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Teaching About Nonfiction Text

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We were learning about the features of nonfiction text. We put these flip books in our interactive notebook. It was free at the TPT store. Check it out here.

After this, we took iPads to the library, took pictures of different features and the students made a shadow puppet, emailing the final product to me.
Check out this one (see if you can find the one misake):

Another Appy Friday

20140110-145756.jpg A friend at lunch one day said,” I know an app that you will love.” Well, he was right! Shadow Puppet allows you to narrate photos and saves it all as a video. I have used it with a study group, taking pictures of the whiteboard with our notes, recording info, then emailing the video of this to each student making studying at home much easier and much more independent. I used it today to take a picture of an old heater vent in my classroom and record the rattles so that I could send the resulting video to our VP to get the needed repairs. I have snapped photos of a student’s review sheet, recorded myself reading it, then sent it to students to help them study for a test.
This is a video I made for a student explaining Pyramid Facts (she joined our class after I had already taught it to everyone else, this got her caught up.)


The emailed videos can also be viewed on a PC.

A Fun App for an English Language Learner

I had fun with this one:

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“Over” from Potluck.
It allows you to type over a photo.
A new student, that spoke no English, wandered the school with me and with my ipad. He took pictures of his classmates and teachers. Together we added names over the photos. After that I used the Pic Stitch app from Big Blue Clip to put the labelled photos into a collage and print them.
It was a fun way to begin learning names.

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Lovin’ this App!

I enjoy the excitement of a fresh start. Rearranging furniture, redecorating, reorganizing, refreshing… I wanted this new year, this return after a break, to renew my students’ motivation. One of our areas of renewal has been getting comfortable with a new app called Word Q.
This is a more expensive app ($25) but a license for Word Q on the PC is $199. Word Q is a word predictor program – it predicts possible word choices as the student types. The student can choose one of the predicted words or keep typing. Each word is read back to the student. There are other great features – it will read back the whole passage, give word suggestions, give definitions, to name a few.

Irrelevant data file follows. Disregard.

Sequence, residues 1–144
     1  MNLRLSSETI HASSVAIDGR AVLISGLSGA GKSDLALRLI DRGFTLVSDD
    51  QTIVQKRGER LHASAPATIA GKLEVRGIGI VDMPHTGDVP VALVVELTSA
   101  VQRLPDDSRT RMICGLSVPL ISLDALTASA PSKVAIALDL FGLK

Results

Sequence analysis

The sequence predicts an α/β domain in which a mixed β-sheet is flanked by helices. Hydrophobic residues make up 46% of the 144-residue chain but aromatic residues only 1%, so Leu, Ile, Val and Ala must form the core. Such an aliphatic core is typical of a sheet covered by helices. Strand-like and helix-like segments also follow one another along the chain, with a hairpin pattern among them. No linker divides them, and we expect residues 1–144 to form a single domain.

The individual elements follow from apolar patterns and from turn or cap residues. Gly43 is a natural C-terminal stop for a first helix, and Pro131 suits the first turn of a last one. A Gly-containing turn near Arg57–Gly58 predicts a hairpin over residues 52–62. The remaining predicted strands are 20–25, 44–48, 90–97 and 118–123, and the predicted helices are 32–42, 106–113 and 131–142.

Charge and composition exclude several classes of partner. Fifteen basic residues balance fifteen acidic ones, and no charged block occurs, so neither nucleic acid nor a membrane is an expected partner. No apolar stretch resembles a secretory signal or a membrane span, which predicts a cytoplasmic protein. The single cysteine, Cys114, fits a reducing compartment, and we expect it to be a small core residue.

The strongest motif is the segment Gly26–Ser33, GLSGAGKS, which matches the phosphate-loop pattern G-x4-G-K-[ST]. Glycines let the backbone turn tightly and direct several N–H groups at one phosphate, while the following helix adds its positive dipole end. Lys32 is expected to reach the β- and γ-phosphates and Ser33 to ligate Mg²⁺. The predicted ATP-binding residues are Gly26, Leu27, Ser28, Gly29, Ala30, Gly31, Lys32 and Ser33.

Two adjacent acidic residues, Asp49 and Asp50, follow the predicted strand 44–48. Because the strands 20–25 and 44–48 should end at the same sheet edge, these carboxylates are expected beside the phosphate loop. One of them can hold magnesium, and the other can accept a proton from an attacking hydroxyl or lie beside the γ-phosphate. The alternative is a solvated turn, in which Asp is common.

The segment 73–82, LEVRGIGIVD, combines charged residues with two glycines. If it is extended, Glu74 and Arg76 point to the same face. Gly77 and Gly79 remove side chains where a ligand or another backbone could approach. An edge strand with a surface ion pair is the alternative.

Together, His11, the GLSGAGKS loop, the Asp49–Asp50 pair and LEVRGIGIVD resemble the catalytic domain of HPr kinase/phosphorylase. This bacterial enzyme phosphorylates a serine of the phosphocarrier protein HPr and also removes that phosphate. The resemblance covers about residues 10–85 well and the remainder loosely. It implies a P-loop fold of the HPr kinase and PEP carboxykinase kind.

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Along with getting familiar with this app we now have an air-print printer, so that students can print from their iPads, and wireless keyboards to make typing easier. Add headphones and we have a very productive class.

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I felt so encouraged yesterday to watch four students, each with headphones on, typing away at book reports. They were motivated! The best part was their confidence that they had spelled words properly and knew that what they had written made sense because they had heard it read back to them. I was impressed with the clear thoughts that they were able to express with very little help from me.

I think my students were re-energized but know that I felt rejuvenated! A writing assignment went from groans to cheers. Yay!

Speech Therapy App

Another app. I like this one for articulation practice. You can choose a target sound and record the speech for instant feedback. You can choose whether the target sound will be in the beginning, middle, or end of the word. Best of all, it’s free!

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Talking App

I love this app!

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It’s a talking calculator and it has improved student accuracy on a calculator! So many of my students were not accurate with a calculator – pressing the wrong buttons. With this app they hear their mistake. When they do make a mistake they can backspace rather than starting all over. Love the multi-sensory approach.
I love using this app. It has improved my speed, accuracy, and confidence in my calculations.

The app is free but adding the voice costs a bit. Also, be sure to have headphones if others are around.

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